Luckily, there were a couple other kids there on what proved to be a record-setting day heat-wise in Phoenix (111 degrees, woo!) so that Miss Mary Mack could play with (and show off to) other kids.  I suspect the park has more kids on days when the heat isn't quite so bad.  Also luckily, the main (big-kid) playground structure had a shade structure which somewhat helped.  (As a parent, I eventually excused myself to the shade of one of the trees lining the perimeter of the play area.)  There's nothing particular noteworthy about the play area itself -- it has the typical big-kid/small-kid play structure dichotomy with 2 toddler and 2 preschool swings.  There's sand, but part of the big-kid structure is wheelchair-accessible via that slightly springy surface stuff.  I wouldn't describe the park as having a surplus of shade and shaded-seating, but compared to a lot of other Phoenix-area parks, it does just fine.

There's no reason to visit this park if you're more than 15 minutes away because you almost certainly have a playground that provides a similar experience closer to you.  Still, it might be enough to make your kids smile.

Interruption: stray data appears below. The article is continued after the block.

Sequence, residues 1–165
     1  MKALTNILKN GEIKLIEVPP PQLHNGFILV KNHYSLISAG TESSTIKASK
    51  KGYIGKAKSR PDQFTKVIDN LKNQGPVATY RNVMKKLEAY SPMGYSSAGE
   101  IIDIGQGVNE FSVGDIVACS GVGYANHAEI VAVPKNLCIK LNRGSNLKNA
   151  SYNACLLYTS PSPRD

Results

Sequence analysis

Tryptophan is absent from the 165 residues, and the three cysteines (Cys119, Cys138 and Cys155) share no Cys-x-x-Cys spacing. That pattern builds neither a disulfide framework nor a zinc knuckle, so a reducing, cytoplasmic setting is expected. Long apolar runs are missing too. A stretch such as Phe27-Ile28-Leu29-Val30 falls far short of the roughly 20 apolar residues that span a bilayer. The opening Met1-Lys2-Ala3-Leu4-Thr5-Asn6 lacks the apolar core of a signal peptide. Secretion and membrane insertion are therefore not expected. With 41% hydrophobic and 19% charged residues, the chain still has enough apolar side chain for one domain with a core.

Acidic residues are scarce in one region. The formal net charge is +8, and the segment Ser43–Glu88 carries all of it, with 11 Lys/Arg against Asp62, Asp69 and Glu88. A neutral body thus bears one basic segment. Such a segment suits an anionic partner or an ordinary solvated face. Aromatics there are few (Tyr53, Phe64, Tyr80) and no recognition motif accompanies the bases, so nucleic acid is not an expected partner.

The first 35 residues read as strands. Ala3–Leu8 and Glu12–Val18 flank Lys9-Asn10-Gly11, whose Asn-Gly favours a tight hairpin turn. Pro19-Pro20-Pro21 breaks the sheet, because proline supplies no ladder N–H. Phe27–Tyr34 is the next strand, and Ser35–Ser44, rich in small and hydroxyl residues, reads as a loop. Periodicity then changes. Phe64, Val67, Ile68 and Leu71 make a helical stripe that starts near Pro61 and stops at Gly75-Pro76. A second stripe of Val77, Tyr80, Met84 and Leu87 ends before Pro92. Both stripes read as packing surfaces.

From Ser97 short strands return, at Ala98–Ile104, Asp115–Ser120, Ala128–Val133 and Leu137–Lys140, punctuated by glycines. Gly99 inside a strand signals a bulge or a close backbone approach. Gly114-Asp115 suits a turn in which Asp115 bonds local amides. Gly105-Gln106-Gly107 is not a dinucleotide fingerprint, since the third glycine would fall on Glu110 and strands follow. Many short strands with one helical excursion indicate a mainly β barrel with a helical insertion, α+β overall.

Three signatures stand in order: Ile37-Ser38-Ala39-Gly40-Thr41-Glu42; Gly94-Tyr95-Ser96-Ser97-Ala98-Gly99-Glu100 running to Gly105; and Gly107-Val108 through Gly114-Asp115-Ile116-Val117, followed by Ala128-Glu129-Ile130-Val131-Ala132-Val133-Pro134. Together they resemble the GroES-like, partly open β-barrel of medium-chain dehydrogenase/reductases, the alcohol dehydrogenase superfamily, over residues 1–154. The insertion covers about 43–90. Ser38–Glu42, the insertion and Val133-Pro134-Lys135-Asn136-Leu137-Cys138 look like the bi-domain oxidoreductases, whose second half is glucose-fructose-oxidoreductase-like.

What: Kachina Park Playground
Where: 42nd St. & E. Campbell Ave. / Phoenix, AZ 85018 (?) (map)
Parking: Street parking (but not a problem).  Bus serves 44th St. and probably (occasionally) Campbell Ave. itself.
Amenities: No restrooms, some shade from the trees, ramadas. Ground zero for the LGO folks (La Grande Orange, Postino) is a quarter-mile away.  That's pretty close for a Phoenix parks amenity.
Bottom Line: Nice, but for locals only.  (And perhaps those waiting for a seat at the LGO places.)

Monday, September 20, 2010

Richard Scarry's Playground

I've enjoyed dipping into Richard Scarry books as a parent.  More so than possibly any author, I think Scarry's work was more diffused into American kids' memories of a certain time and age.  This book is my wife's from when she was a child, but I had a copy as well.

What's interesting to me as I scan what Scarry chose to include in his "At the Playground" set of pages above is that fixed playground equipment isn't the primary focus.  Sure we see classics like seesaws, slides, swings, merry-go-rounds, jungle gyms, and sandboxes, but just 15 of the 36 animals on the page are using those features.  I would hazard a guess to say that the ratio for the best playgrounds is somewhat similar.  If the kids are just using the fixed features, I tend to think that the kids will move on to playgrounds when they (and their caregivers) find something new.

Richard Scarry's Best Word Book Ever (Golden Bestsellers Series) [Amazon Associates link]